then the overall price of an electronic
appliance would go down. Adam Smith saw labor as a function
of national wealth. He recognized that laborers had to earn
more than a mere subsistence in order to live dignified lives.
He told a story of a mother in the Highlands of Scotland who
had to raise 20 children so that 2 would survive. Presumably,
18 children would die from various diseases and poverty.
The interest rates at the time were low. In England, rates
hovered at 5%. In France, the rates were 3-5% . The government
could borrow at 2% in Holland.

Adam Smith defined a wage as a function of the following:
o the ease or hardship to do work

Consider the case of a diamond cutter. The art of cutting a
diamond is a precise process which requires extensive training
and expert worksmanship. The demand for precious stones was a
function of their inherent beauty, scarcity and workmanship
involved in polishing them and preparing them for commercial use.


o the difficulty and expense of learning a trade

A skilled surgeon required years of medical training and a
long apprenticeship in anatomy and surgery.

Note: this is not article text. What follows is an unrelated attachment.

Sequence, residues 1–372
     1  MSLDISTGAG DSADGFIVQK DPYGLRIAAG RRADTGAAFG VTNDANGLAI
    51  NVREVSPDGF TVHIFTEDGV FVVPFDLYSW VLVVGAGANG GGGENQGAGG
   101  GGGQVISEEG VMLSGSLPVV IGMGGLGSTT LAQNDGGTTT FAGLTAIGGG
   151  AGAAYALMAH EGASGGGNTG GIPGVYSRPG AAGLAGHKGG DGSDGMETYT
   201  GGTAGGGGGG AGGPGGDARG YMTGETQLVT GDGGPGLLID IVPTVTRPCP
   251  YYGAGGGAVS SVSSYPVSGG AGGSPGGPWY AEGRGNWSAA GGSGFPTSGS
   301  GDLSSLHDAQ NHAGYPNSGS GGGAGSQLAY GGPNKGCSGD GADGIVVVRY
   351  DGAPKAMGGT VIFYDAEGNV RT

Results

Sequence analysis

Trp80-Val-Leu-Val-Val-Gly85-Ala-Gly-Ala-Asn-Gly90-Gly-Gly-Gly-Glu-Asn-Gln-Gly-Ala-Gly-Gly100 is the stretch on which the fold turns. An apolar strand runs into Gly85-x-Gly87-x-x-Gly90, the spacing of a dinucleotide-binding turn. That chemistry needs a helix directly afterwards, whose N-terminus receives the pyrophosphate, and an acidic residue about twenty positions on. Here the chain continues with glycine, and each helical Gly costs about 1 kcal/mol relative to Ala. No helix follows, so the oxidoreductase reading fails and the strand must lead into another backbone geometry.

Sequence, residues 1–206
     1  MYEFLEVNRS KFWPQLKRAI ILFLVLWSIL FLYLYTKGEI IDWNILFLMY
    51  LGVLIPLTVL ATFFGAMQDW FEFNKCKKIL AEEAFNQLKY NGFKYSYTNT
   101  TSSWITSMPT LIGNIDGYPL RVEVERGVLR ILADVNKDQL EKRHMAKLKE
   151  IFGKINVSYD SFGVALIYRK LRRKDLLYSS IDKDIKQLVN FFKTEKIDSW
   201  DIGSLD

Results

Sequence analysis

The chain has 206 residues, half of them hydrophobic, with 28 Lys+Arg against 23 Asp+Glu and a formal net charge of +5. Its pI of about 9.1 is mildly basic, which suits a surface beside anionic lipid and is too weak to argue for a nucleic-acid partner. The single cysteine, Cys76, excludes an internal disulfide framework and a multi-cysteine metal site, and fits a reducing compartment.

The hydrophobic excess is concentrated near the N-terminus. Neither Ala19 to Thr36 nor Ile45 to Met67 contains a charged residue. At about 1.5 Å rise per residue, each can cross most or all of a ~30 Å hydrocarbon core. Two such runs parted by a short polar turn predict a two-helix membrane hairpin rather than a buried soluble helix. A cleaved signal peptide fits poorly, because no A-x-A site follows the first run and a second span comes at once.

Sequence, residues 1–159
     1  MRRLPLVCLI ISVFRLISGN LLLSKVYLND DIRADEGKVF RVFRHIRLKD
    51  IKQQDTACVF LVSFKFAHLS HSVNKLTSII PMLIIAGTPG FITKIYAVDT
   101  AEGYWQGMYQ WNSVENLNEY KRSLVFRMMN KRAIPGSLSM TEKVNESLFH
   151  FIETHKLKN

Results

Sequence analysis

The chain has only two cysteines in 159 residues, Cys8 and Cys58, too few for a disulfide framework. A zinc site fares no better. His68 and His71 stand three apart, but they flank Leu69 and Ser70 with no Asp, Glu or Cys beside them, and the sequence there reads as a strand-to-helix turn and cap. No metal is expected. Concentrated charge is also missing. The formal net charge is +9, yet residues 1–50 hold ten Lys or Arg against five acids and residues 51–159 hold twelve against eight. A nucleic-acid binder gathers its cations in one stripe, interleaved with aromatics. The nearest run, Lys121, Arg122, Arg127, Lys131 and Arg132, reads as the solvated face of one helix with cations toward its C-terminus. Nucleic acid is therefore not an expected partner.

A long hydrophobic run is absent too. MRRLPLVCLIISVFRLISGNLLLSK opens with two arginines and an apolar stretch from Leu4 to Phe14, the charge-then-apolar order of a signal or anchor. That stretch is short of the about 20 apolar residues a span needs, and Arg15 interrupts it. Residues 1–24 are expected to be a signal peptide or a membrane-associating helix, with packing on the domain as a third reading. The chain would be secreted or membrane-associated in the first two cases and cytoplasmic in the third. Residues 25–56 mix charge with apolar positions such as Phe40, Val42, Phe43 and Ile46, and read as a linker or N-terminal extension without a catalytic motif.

o the constancy of employment
o the trust reposed in the workpeople
Consider the case of a landowner who took a year-long vacation
to the Orient. He/she would leave behind a manager to run the
entire business on a 24/7 basis. This high degree of trust
reposed in the workperson required a commensurate compensation.

o probability of success or failure of the venture
Consider the effort required to cross the Atlantic. The trip
was lengthy, dangerous and prone to failure due to the vagaries
of nature, pirating on the high seas and disease. Naturally,
a worker had to receive a greater compensation to take these
factors into consideration.

o the danger inherent in doing the work
Consider the danger inherent in entering a diamond mine.
The possibility of collapse was a constant threat. Accordingly,
workers were compensated commensurate with the threat level.

Adam Smith explained that fear of misfortune dampened the taking
of risks. He knew (intuitively) that investors were risk averse.